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Question DetailsAsked on 1/26/2017

how much per sq ft to fill in in a 20 ft by 22 ft sunken room that is 6 inches deep using wood

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Depends of course on whether you are going to try to level the floor (so need custom trimming of the joists), also exactly what the dimension to be raised - because 2x6's with 3/4" sheathing would total 6-1/4" - plus the flooring thickness - so if that would be too high, each joist will have to be ripped or planed to less than its normal 5-1/2" width - adding probably a couple hundred $ labor to the cost.

I get (at my contrator account cost) about $720 materials using OSB sheathing, or about $1120 using 3/4 CDX plywood (my preference), so with contractor markup (if he provides them) probably about $800-2250 materials depending on which material you go with and whether his markup is low (10%) or very high (100%).


Labor probably about $25-50/hr for a carpenter or handyman - so say (including going and buying materials (18 - 20' 2x6 and 14-15 sheets sheathing, so definitely a have-them-deliver case - so about 5-10 manhours probably depending on ease of getting the materials into the room, amount of trimming needed, etc - so maybe $125-500 labor, depending on local labor rates and whether this is a true "business" or a one-many "enough to eat" handyman doing it with a low-paid helper (this is a 2-man job, at least for moving the materials in - unless you can help with that).


Therefore, total cost I estimate maybe $925 - $2750 total depending on factors above - lower range only for low cost contractor, $2000 range far more likely with an established contractor.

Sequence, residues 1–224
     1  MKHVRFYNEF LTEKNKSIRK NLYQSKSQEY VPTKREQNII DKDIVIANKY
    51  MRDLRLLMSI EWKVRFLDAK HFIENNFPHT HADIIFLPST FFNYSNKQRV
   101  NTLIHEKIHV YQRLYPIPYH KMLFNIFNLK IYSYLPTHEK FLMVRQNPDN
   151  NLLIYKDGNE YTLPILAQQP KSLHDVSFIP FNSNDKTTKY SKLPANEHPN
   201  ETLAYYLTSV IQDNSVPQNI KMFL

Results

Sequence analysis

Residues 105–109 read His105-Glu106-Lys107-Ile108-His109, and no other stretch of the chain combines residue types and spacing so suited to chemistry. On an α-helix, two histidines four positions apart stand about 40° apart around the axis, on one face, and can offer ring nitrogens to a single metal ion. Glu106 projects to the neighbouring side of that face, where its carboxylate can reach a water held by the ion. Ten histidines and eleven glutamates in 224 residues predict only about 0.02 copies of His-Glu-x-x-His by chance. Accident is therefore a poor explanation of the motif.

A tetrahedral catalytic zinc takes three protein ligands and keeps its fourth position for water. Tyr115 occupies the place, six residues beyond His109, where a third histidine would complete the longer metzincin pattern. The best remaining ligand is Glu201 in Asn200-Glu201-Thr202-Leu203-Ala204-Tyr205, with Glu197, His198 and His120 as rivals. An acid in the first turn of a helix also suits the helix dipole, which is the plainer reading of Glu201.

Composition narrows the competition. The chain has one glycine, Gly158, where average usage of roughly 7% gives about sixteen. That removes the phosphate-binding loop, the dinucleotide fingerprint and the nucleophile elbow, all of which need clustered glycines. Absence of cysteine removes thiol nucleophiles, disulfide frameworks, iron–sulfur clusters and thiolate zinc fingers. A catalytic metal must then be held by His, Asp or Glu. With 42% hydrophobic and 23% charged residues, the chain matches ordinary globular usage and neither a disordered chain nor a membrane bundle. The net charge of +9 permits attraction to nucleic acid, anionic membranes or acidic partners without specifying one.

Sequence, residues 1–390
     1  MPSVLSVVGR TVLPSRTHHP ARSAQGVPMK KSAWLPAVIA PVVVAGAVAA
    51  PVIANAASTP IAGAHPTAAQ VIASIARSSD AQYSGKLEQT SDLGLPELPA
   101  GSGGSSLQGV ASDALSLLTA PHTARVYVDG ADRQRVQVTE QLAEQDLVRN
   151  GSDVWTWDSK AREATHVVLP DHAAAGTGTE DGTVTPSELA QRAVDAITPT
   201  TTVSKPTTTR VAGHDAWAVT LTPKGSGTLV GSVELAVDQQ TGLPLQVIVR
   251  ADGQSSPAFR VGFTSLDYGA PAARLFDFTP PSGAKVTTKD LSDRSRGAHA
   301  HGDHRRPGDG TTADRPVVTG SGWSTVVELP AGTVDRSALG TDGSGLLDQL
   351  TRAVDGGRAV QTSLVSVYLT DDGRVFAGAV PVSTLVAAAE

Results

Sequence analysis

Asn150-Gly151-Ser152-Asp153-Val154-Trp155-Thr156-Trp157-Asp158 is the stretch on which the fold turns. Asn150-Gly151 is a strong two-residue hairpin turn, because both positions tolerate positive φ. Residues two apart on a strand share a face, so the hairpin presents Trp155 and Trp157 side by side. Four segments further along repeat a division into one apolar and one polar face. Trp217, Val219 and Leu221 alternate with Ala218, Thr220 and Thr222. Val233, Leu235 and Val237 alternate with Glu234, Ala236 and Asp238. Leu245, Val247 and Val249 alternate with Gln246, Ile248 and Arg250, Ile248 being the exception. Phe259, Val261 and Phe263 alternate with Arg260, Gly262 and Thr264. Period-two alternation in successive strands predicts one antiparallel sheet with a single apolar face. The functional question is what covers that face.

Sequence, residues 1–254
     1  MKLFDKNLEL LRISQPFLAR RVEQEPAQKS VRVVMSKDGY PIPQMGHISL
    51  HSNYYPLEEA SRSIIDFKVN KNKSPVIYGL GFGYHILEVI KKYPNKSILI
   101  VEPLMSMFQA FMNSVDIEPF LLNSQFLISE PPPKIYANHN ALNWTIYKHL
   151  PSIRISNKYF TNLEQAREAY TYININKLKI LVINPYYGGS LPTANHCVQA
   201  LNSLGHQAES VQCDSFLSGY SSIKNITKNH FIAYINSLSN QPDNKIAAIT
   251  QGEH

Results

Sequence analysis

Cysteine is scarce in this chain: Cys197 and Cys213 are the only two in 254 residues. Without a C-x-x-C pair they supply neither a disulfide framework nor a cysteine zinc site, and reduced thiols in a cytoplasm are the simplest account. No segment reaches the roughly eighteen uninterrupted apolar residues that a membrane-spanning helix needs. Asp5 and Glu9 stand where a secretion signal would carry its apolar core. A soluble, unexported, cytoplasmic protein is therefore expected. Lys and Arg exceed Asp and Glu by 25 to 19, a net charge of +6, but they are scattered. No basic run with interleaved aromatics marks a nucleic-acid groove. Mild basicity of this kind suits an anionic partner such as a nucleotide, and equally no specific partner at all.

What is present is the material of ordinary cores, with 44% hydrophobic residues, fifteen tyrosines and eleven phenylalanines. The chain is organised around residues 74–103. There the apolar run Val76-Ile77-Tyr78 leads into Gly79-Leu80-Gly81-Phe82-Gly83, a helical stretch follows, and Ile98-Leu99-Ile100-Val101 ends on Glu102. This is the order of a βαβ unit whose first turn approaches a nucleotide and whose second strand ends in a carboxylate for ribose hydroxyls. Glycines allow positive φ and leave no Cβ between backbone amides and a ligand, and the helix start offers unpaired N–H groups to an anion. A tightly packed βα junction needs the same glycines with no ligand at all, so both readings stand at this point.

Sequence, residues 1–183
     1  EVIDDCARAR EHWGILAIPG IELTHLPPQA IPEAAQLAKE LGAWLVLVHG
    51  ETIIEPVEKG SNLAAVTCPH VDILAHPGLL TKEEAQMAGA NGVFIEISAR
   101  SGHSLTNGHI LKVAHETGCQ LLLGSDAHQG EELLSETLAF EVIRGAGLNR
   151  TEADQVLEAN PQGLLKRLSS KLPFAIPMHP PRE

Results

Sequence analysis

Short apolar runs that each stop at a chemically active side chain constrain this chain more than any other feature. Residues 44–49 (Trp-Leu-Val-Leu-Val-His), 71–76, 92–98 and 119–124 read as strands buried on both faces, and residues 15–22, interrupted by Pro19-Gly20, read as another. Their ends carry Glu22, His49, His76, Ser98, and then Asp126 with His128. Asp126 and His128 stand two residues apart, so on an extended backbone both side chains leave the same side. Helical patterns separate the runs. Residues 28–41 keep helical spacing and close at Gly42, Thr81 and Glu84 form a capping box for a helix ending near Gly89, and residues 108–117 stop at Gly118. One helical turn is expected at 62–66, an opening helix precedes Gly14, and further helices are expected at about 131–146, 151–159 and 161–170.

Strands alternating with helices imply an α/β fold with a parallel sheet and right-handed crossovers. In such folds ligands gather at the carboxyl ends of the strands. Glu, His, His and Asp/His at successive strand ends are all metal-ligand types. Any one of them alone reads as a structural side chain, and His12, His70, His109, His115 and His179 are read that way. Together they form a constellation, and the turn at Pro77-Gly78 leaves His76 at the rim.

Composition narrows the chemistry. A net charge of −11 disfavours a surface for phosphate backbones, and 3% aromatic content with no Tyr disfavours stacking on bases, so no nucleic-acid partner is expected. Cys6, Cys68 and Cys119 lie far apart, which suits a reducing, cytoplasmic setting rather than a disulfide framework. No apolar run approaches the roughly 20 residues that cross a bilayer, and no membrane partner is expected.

Note - assuming this is an on-grade slab you are going over, be sure to provide some ventilation for the subfloor areas (at least an open large central air vent at each end, minimum). I would put in minimum, for this size room, 2 vents at each end, and ventilation holes drilled (say 2-3") every 6 feet say through each joist - to provide some cross-ventilation through the joists to the vents. Of course, some active airflow through there would be MUCH better.


Also - for the extra $100 or so, I would go with treated timbers, because you have a chance of that subfloor area getting moist. If there is ANY chance of that area getting wet from flooding (up from slab or through foundation walls or such) I would require the sheathing be put down with screws rather than nails so pieces can be taken up if needed in the future - though would have to put thin strips of padding on top of the joists in that case if not gluing it down as one normally would, so it does not make a lot of noise. Putting padding on the joists (non-biodegradable type) is a good idea anyway because of the risk of the open space underneath becoming like a sounding board, especially if putting hard flooring over it instead of padding and carpet, where I would not worry about padding the joists.

Answered 1 year ago by LCD




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